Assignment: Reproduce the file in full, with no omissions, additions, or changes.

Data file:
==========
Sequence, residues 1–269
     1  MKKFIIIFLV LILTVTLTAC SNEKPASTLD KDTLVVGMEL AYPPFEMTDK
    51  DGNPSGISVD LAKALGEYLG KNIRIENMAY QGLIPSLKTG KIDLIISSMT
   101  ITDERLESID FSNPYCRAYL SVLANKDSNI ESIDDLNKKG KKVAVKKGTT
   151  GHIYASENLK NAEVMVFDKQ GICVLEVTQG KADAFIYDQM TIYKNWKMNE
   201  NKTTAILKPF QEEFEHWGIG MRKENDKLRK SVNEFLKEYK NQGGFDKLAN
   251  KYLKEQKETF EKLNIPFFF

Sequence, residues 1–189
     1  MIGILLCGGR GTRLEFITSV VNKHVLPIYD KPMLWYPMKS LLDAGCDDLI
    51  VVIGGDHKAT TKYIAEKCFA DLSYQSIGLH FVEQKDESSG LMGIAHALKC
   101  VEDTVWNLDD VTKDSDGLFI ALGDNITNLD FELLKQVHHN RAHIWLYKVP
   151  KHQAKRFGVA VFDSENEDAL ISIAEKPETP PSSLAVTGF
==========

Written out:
Sequence, residues 1–269
     1  MKKFIIIFLV LILTVTLTAC SNEKPASTLD KDTLVVGMEL AYPPFEMTDK
    51  DGNPSGISVD LAKALGEYLG KNIRIENMAY QGLIPSLKTG KIDLIISSMT
   101  ITDERLESID FSNPYCRAYL SVLANKDSNI ESIDDLNKKG KKVAVKKGTT
   151  GHIYASENLK NAEVMVFDKQ GICVLEVTQG KADAFIYDQM TIYKNWKMNE
   201  NKTTAILKPF QEEFEHWGIG MRKENDKLRK SVNEFLKEYK NQGGFDKLAN
   251  KYLKEQKETF EKLNIPFFF

Sequence, residues 1–189
     1  MIGILLCGGR GTRLEFITSV VNKHVLPIYD KPMLWYPMKS LLDAGCDDLI
    51  VVIGGDHKAT TKYIAEKCFA DLSYQSIGLH FVEQKDESSG LMGIAHALKC
   101  VEDTVWNLDD VTKDSDGLFI ALGDNITNLD FELLKQVHHN RAHIWLYKVP
   151  KHQAKRFGVA VFDSENEDAL ISIAEKPETP PSSLAVTGF